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Daniel Scott (1800-1865), Harbour Master, was born in Liverpool, England, the son of Daniel Scott and his wife Janet, née Campbell. His father was a flagmaker for the navy and merchant service.
Daniel Scott arrived 5 August 1829 on the Calista, the second ship to bring passengers to the colony. He invested in the Fremantle Whaling Company which paid for the construction of the Whalers Tunnel underneath Arthur Head. He was also a shipbuilder, and a lead miner.
It was his warehouse (where the main entrance of the Esplanade Hotel now stands) that accommodated the 75 convicts who were the first to arrive in June 1850 on the Scindian.
He was granted: lots 11 and 12, on the western side of Cliff Street towards the southern end; lots 102 and 103 on the western side of Pakenham Street, between Leake Street and High Street; lot 152, which is the site of the warehouse mentioned above, now the main entrance of the Esplanade Hotel, on the corner of Essex St; and lot 267 in Beach Street. He also took one lot at Kingston, on Rottnest, but that township was never developed.
By 1855 Scott had purchased William Lamb's lot 5 (Lamb died 1853, but had left the colony for SA in 1849), and he built a substantial three-storey house on the NW corner of Cliff and High Streets (Neville 2007: 137) where the Union Bank building (1889) now stands as part of Notre Dame University. Scott owned the property until his death in 1865, when his wife became the owner. It was sold to the bank in 1879 (Library records). As it was known in 1869 as the house of Commissary-General Eichenbaum, the manager of Mrs Scott's estate (she having died in 1865, soon after her husband in the same year) might have let it to him - and then to the Seuberts, who kept is a superior lodging house (where, among others, historian J.K. Hitchcock stayed).
Scott was Deputy Harbour Master from 1829, and then Harbour Master from 1839-1851.
He was the first chairman of the Fremantle Town Trust 1848-1851, 1853-1854, and 1856-1858.
In 1830 Scott married Frances Harriet Davis, daughter of John Okey Davis, who had arrived on the Lotus in October 1829; they had eight daughters and three sons: Jane Frances Scott, Mary Ann Scott, Caroline Elizabeth (Scott) Elliott, Emma Maria Scott, Sophia (Scott) Fauntleroy, Louisa Jane Scott, Walter Scott, Katherine (Scott) Samson [William Frederick], Julia (Scott) Mason and John Campbell Scott. He and Frances were 'married by Special License on board the ship Marquis of Anglesea, the Harbour Master's Office, this eighteenth day of March 1830 by me J. B. Wittenoom Chaplain of the Swan River ... in the presence of us Mary Ann Lamb John Okey Davis'. Mark Currie was Harbour Master (with Scott as Deputy) and was using as his office the wreck of the Marquis of Anglesea, which had been carried onto Anglesea Point in a storm in 1829, and proved useful for many purposes.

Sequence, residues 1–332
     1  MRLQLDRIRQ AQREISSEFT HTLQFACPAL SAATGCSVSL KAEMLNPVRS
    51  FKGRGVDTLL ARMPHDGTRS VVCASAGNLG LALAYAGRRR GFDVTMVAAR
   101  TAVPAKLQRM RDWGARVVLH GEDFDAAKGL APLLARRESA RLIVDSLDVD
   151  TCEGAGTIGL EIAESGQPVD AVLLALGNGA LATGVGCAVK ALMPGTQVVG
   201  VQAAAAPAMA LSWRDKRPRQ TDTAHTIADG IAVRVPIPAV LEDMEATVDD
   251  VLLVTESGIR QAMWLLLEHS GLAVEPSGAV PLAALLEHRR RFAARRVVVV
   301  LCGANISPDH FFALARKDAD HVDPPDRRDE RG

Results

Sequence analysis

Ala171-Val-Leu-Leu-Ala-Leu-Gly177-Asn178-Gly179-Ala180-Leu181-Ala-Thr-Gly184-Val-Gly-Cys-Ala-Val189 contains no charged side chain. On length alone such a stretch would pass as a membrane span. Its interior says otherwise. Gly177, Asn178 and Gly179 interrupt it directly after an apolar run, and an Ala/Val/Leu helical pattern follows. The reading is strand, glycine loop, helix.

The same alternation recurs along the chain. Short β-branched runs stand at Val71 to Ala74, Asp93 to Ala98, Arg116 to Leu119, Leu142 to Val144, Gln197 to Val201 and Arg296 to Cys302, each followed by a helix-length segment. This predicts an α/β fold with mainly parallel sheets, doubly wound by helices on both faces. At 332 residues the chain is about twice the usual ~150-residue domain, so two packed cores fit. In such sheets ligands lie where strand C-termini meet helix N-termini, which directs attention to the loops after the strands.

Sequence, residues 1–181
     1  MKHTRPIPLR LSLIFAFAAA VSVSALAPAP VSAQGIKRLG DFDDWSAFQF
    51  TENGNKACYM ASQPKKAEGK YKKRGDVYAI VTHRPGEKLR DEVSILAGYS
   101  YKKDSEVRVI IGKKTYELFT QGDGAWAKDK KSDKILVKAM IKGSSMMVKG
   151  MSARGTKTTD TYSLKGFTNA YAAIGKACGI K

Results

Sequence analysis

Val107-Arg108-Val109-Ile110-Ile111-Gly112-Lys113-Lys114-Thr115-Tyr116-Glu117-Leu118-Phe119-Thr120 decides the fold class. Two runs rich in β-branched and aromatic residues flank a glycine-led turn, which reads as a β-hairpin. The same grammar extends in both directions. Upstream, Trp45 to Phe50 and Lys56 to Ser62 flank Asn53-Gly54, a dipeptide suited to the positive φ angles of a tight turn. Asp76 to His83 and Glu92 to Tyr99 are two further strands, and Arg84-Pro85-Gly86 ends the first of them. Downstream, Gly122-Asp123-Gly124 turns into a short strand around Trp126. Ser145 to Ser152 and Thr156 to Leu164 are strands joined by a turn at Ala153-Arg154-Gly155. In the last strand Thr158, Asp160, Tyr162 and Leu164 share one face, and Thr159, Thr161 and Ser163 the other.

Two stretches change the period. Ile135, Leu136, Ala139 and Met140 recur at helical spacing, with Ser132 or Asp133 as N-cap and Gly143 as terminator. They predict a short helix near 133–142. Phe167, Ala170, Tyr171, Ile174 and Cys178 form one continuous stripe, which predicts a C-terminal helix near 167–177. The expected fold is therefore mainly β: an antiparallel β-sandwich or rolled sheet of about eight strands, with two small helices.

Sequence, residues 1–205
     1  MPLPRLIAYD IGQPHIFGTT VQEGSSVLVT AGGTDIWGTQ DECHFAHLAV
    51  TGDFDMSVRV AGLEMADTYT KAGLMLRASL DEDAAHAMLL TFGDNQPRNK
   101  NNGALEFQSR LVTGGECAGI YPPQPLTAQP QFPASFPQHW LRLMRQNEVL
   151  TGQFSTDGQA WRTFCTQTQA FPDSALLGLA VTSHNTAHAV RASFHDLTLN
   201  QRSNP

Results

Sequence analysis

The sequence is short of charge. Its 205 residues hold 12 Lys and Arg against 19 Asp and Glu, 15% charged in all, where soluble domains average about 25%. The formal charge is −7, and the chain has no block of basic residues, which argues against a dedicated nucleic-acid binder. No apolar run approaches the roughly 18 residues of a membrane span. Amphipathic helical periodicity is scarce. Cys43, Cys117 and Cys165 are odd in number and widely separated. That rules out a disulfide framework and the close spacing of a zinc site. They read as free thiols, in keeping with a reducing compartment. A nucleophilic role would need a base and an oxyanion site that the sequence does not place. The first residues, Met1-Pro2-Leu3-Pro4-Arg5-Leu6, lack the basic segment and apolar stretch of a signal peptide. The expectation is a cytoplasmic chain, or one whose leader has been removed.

The eldest son, Daniel Henry Scott (c. 1834-c. 1874), carried on his father's business; he married Caroline Samson, b. 1845, daughter of Lionel Samson, on 6 October 1870 in St John's, and having died aged 41 of 'debility' in 1874, was buried in Skinner St Cemetery 5 April by Rev. Bostock, leaving no children. Caroline has an impressive monument in the Jewish section of Fremantle Cemetery.
The headstone which was on the grave of Jane Frances (1831-33), the eldest daughter of Daniel and Frances, had been in use as a hearthstone in the cottage of the Gourley family in East Fremantle, and was discovered in about 1945. It is now on a plot at Anglican A142 in Fremantle, next to the memorial to Daniel Scott at Anglican A141. >
"Sacred to the Memory of Jane Frances Scott. Eldest Daughter of Daniel and Frances Scott of Fremantle. Aged 21 Months and 9 Days. March the 9th 1833."
Recorded as dying at 65 of 'Fatty degeration of heart & enlargemt. liver', Daniel snr was buried 20 February 1865 by the Rev. George Bostock in the Skinner Street Cemetery. I have no information as to his remains being reinterred in the new cemetery in Carrington Street, nor that his gravestone or other monument was brought there. There is no such monument on the Heritage Trail.
Frances Harriet Scott died at 57 of 'change of life' and was interred 2 November 1865, only nine months after her husband's death, also by Rev. George Bostock in the Skinner St Cemetery.
Daniel Scott was the son of a flagmaker for both the royal and merchant navies. As a boy he ran away to sea and at 21 was Captain of a small cargo ship that traded between the Gold Coast in Africa and the Caribbean. During one voyage he rescued three men adrift in an open boat and was subsequently commended by the Royal Humane Society.
On 5 August 1829 he arrived in Fremantle on board the Calista, and was appointed Deputy Harbourmaster and Pilot for a salary of £100. He built his own jetty in Fremantle, and operated his own boats up and down the coast establishing critical trade routes for newly formed settlements. Captain Scott was also largely responsible for having the first sea-going vessel built in the colony of Western Australia, launching the Lady Stirling in May 1836.